“The level of split-ticket voting between the presidential race and races in the House and Senate is down to about 5 percent at this point,” said Richard Pildes, a law professor at NYU who has written on the nationalization of U.S. elections. Getting that number up much higher, predicted Pildes, “will be like pushing a boulder up a hill.”

“It’s not as if this is a big change in strategy,” said Mann. “Even in recent years, members in competitive districts have tried to do whatever they can to enhance their local reputations. You always do that, even while you’re aware that most of the action has been nationalized.”

“It’s always the case that when the party candidate at the top of the ticket is unpopular in your district or state, you try to run away from them and run a much more locally focused campaign,” agreed Pildes. “It’s just gotten much harder to do that successfully with the intense polarization of parties and voters.”

To emphasize how much harder, multiple people pointed to the 2014 midterms. “Ask any of the 2014 red-state Democrats from the Senate how it went when they localized their races—but you’ll have a hard time reaching them, because they’re no longer in office,” quipped a Democratic campaign operative who requested anonymity to avoid offending colleagues. With the electorate feeling sour about President Obama that year, Dems tried to go local, recalled the operative. “But we still came up short.” As the quants over at FiveThirtyEight declared in the wake of the vote, “The 2014 Senate Elections Were the Most Nationalized in Decades.”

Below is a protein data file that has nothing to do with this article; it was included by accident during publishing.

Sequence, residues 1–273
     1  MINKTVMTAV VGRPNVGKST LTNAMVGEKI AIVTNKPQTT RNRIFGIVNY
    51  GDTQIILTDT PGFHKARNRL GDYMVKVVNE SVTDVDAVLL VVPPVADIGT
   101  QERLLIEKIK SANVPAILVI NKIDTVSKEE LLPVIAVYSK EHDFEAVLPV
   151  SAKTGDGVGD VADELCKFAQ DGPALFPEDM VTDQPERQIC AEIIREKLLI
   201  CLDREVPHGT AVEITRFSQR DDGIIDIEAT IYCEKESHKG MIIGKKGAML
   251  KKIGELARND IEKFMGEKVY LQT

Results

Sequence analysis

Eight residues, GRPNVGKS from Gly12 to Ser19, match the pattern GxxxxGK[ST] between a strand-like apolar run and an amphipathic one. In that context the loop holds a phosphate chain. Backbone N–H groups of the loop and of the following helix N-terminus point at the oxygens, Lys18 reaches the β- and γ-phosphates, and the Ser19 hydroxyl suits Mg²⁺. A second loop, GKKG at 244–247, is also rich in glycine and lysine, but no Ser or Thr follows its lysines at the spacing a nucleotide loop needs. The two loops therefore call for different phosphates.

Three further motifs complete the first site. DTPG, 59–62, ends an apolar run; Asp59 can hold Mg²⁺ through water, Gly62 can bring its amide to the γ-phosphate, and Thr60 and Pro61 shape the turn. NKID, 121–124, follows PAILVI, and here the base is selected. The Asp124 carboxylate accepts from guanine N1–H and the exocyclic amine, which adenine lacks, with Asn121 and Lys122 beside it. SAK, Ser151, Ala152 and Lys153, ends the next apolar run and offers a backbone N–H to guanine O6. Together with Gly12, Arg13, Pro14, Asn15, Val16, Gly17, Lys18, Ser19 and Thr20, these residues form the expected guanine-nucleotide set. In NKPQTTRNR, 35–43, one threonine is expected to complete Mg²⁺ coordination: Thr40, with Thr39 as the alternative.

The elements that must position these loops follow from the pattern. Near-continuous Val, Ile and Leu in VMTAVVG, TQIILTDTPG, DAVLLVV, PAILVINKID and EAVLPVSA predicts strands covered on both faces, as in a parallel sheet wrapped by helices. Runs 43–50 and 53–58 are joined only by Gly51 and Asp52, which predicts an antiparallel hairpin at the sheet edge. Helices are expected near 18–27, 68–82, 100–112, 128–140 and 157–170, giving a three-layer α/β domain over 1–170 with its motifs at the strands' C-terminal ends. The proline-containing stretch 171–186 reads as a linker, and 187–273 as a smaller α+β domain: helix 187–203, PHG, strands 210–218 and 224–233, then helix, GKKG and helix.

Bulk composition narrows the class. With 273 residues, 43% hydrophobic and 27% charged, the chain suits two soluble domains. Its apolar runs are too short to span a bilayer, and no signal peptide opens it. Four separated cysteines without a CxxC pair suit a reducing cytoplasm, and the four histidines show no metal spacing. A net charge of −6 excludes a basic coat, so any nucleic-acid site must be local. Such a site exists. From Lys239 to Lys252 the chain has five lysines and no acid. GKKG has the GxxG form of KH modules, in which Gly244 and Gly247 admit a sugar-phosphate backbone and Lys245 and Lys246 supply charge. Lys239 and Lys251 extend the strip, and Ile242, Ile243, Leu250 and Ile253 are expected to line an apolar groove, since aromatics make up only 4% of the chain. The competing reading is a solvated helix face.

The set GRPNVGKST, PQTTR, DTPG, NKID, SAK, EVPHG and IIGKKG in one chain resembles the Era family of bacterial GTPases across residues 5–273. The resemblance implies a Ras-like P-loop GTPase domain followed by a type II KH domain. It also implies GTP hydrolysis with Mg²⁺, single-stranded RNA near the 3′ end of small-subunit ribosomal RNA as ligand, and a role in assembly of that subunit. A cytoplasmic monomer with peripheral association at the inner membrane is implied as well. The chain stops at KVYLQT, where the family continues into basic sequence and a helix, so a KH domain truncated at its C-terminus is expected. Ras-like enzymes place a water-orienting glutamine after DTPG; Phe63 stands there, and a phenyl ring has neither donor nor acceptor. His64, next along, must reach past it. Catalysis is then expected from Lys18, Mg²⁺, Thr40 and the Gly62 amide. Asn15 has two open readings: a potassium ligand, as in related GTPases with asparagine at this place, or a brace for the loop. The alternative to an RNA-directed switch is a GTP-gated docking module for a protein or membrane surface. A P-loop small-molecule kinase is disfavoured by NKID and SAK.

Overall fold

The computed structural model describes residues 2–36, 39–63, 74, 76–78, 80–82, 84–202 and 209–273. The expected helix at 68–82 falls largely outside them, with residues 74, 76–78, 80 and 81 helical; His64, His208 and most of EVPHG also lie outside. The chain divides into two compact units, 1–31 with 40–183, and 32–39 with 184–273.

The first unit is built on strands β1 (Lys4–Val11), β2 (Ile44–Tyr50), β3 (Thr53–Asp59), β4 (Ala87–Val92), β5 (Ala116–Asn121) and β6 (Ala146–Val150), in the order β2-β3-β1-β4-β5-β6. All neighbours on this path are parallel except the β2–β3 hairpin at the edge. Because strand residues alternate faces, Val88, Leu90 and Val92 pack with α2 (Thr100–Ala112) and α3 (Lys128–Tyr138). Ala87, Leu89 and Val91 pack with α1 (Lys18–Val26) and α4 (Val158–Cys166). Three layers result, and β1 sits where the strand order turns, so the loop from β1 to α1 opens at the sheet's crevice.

Presidential cycles are even tougher to denationalize, explained Mann: “For those Republicans running in blue or purple constituencies, they can try to focus attention on local issues, but many of those will be in states that are targeted for the presidential race. So there will be overwhelming communications there [by the presidential campaigns].” In other words, the more purple/competitive your state, the more likely it is that your voters will be subjected to a total-saturation level of presidential campaigning relentless enough to give them nightmares and nosebleeds. Good luck competing with—much less escaping—that as a mere Senate or House candidate.

Like it or not, White House contenders drive the race. “What’s important is who is at the top of the ticket and what are the relative turnout levels of the partisan bases,” said Mann. Because when voters dislike their party’s presidential choice, noted Pildes, their typical response come Election Day isn’t to leave that box blank or vote for the other team or write in a different candidate altogether. “It’s to stay home. Period.”

Then, of course, there are the Democrats, who (like the Republicans in 2014) will be busting their humps to nationalize the heck out of this cycle. For months now, they’ve been slapping GOP senators for refusing to consider Obama’s Supreme Court nominee. “They have shown that they have absolutely no independence from their party,” said Sadie Weiner, communications director for the Democratic Senatorial Campaign Committee. Trump’s ascendance takes things to a whole new level. “We’re obviously going to be making sure that Republican senators and candidates are held accountable for their support of Donald Trump,” Weiner told me. “Especially as he continues to insult women, African-Americans, Hispanics—pick a category.”

“Disassociating oneself from Trump in a competitive district or state is not rocket science. It’s survival,” said Mann. But as electoral strategies go, he stressed, “it’s not much.”